The first thing you should do when you are facing DUI charges in Bonsall is to hire an experienced Bonsall DUI attorney. The San Diego DUI Attorney law firm will help you understand the complex DUI process so that you are informed about the exact charges you are facing, and the criminal and administrative penalties you may face. The counsel you get from your lawyer will keep you at ease and prepared for the court proceedings. Here is everything you need to know about DUI charges and related issues in California.
An Overview of DUI Offenses
DUI refers to operating a vehicle with a BAC level that exceeds the legal limits for California motorists. The legal limit is .08% for all motorists. This limit varies for commercial drivers and underage drivers. For commercial drivers, BAC levels should not exceed .04% or .01% for underage drivers.
You have also violated California's DUI laws if you drive while impaired, to any extent, by alcohol or drugs or a combination of both. Impairment under DUI laws means your physical and mental capabilities have been affected by alcohol or drugs (including prescription drugs), and you cannot function or reason as a sober person would in similar circumstances.
For example, if you take medication that causes drowsiness, then drive a car, then you are driving under the influence of this drug. You may be unable to see the road clearly, which exposes you and other motorists to danger.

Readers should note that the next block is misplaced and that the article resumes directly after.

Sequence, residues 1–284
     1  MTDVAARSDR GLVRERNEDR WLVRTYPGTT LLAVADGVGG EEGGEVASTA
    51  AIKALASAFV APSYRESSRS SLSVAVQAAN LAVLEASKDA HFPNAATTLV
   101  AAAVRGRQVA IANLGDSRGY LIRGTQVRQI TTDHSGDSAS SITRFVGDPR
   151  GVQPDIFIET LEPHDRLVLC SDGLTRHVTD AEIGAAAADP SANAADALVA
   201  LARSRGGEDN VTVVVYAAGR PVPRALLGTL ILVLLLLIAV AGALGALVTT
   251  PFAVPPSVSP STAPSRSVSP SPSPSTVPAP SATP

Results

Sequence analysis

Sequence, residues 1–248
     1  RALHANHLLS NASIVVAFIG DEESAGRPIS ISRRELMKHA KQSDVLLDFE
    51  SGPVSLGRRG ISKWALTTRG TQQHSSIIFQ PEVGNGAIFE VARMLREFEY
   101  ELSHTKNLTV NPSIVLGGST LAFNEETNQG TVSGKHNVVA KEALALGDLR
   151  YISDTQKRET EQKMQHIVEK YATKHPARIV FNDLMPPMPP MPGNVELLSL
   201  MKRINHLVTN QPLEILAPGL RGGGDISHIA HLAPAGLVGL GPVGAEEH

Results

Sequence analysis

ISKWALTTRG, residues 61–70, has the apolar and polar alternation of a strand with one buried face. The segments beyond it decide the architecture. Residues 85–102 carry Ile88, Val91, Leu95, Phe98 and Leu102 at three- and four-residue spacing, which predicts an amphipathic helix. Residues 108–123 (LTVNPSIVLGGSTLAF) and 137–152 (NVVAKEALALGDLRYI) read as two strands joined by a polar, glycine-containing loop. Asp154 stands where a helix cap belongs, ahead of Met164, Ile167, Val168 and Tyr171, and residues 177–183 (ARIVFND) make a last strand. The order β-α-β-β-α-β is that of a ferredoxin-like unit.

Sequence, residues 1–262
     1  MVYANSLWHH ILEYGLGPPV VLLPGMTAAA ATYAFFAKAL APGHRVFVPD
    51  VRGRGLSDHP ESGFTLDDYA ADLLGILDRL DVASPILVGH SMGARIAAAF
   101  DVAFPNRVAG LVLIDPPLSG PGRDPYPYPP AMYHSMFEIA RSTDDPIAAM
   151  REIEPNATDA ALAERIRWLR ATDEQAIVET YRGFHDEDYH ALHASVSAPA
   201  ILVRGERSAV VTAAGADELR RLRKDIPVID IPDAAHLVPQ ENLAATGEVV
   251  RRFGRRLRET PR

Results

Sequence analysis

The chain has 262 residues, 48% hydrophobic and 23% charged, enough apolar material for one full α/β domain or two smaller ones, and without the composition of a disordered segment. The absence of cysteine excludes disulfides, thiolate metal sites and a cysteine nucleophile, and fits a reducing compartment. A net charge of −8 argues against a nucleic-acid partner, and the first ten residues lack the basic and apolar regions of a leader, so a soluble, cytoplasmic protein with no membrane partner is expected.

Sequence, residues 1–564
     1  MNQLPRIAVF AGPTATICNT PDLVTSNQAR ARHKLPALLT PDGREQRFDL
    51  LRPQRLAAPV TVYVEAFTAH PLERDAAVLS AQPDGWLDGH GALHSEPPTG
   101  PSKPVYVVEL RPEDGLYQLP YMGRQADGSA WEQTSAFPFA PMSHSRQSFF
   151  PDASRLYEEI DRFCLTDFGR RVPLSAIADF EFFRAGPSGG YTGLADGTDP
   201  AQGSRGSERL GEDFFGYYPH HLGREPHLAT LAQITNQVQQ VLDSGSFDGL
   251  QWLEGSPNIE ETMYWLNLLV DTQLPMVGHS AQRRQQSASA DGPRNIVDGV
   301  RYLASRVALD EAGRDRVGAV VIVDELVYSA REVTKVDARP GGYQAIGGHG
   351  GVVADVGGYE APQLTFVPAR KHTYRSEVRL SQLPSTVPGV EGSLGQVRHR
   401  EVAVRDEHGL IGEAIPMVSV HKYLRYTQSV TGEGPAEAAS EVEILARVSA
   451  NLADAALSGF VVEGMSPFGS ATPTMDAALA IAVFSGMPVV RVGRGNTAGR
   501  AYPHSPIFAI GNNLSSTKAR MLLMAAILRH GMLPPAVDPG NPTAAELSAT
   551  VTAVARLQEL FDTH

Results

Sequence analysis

California has strict DUI laws that include harsh penalties for DUI offenders. Subsequent offenders get harsher criminal and administrative penalties. You get criminal penalties after a conviction, but administrative penalties such as license suspension are given after you are charged with a DUI. The state also enforces Zero Tolerance Laws to prohibit underage drunk driving. In addition, California also has a look-back period of ten years, which means that the consequences for each offense increase with subsequent offenses.
In California, first, second, and third DUI offenses are misdemeanors in the absence of mitigating or aggravating circumstances such as injury or death.
A First DUI Offense means you have no prior offenses within the last ten years. Some of the penalties you can face include:
- Summary probation of between three and five years
- A maximum jail term of six months in county jail
- Fines of up to $1000
- A mandatory drug/ alcohol education program for a period of three to nine months
- You may also get a suspended or restricted license, or be required to install an IID for up to six months
When you are convicted of a Second DUI Offense, the penalties include:
- Summary probation of between three and five years
- Fines between $390 and $1000
- Up to one year in county jail
- A license suspension of up to two years
- A mandatory requirement to attend a DUI school for 18 to 30 months
- Mandatory installation of an IID for one year
A Third DUI Offense within ten years of the first misdemeanor offense has stiffer penalties, which may include: